Pixie from X-Men First Class is on hand to liven things up.  Cloak and Dagger appear for humorous color commentary, and super intelligent Amadeus Cho checks in as the school swat.  Some Runaways fans may be a little miffed that only Molly Hayes represents the original team, but this version of Runaways is an amusing little read.

Booze.  We've mostly seen it as an underlying theme in Jungle Jim.  Jim engages in lots of social drinking.  He frequently seems drunk, even though not.  

Last issue Lille Devrille revealed that she needed to drink in order to keep Ming's body programming at bay, but this issue booze saves the day in a spectacular way that cements the legend of Jungle Jim to all.

Why does Mycroft Holmes hire Irene Adler as a big game hunter?  

I’m as in the dark as she is.  Irene is an actress, opera singer, thief and blackmailer.  Most important.  She is one of the few people ever to best Sherlock Holmes, and that's canon, baby, straight from Sir Arthur Conan Doyle's pen.  That said.  I really can’t fault Leah Moore’s embellishment, however dubious. 

Irene is neither a dominatrix nor murdering mastermind, yet you don’t see me complaining about either version from television.

Still, those avatars of Irene Adler do have grains of truth to them.  Elementary’s Irene defeats Holmes in the most tremendous way, and Sherlock though updating Irene’s shadiness sticks to the main plot of  “A Scandal in Bohemia.”

Guy Ritchie and Rachel McAdams in fact gave fans the most accurate Irene Adler.  An American thief with a fondness for Sherlock Holmes that’s evident in their first encounter and a player in a constant game of one-upmanship, but back to Swords of Sorrow.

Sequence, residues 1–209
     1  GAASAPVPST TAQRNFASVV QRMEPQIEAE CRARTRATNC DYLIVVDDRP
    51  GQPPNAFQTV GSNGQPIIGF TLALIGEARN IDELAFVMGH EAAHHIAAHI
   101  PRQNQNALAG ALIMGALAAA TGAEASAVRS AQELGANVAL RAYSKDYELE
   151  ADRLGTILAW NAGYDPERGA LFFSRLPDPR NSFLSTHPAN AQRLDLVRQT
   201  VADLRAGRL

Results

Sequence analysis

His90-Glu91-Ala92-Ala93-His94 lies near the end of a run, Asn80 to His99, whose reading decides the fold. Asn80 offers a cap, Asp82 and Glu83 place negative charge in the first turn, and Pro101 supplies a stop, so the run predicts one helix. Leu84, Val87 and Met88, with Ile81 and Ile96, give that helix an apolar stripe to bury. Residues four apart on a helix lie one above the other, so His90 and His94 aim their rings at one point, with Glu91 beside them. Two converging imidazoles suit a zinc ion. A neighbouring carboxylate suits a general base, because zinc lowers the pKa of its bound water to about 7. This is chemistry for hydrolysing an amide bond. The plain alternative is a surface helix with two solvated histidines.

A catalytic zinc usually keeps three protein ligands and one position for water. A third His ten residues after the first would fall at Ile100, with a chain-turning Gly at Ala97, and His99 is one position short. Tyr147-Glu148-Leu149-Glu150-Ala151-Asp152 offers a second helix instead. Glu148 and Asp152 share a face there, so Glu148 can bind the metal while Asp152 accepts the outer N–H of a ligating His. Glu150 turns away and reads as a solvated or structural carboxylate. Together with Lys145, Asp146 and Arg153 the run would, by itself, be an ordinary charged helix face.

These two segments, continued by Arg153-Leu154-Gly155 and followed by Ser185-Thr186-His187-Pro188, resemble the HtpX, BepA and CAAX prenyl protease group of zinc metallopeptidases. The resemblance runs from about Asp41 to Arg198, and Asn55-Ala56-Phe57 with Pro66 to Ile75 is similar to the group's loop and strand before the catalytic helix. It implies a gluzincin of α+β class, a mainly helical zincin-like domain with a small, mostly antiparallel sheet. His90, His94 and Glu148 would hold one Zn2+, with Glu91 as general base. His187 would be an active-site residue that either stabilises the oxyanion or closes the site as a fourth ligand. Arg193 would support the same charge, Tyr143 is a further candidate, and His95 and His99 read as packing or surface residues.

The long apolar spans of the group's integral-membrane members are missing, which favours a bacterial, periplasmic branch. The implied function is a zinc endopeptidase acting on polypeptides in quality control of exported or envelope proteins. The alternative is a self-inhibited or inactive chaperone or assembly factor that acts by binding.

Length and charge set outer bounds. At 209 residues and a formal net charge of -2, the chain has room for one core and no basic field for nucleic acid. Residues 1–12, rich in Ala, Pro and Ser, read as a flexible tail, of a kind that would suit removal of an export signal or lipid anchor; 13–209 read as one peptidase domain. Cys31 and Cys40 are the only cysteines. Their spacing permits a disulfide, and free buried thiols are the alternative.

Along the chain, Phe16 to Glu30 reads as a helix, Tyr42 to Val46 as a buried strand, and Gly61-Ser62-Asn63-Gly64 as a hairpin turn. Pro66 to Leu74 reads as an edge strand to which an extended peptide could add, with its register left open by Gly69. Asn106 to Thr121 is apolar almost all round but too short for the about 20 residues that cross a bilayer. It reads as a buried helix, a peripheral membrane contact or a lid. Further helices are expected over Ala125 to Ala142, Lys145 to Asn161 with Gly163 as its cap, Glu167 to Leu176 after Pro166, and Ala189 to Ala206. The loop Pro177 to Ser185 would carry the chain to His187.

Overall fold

It would have made more sense if Jane Porter had been the one to track down the lion-thing from Barsoom.  It would have also been a more logical mashup to team two Edgar Rice Burroughs’ characters, but that's not what we have here.  For all I know, Leah Moore may be a hired gun.  In other words, she may not have conceived the encounter but was given a suggestion and made the best of the unlikeliness.   

Putting the contrivance aside, Deja Thoris and Irene Adler is "mostly harmless," and the best thing I read from Moore.  It’s also beautifully illustrated by Francesco Manna and Inlight Studio.  You can do worse.

Originally, the Martian Manhunter was a founding member of the Justice League.  Such is history, not just continuity. 

For comic book fans, J'onn J'onzz has been the face of the Justice League; participating in every formation.

The new 52 changed that perspective.  The Martian Manhunter in comic book context is older than the League.  He became part of Stormwatch to guard the planet.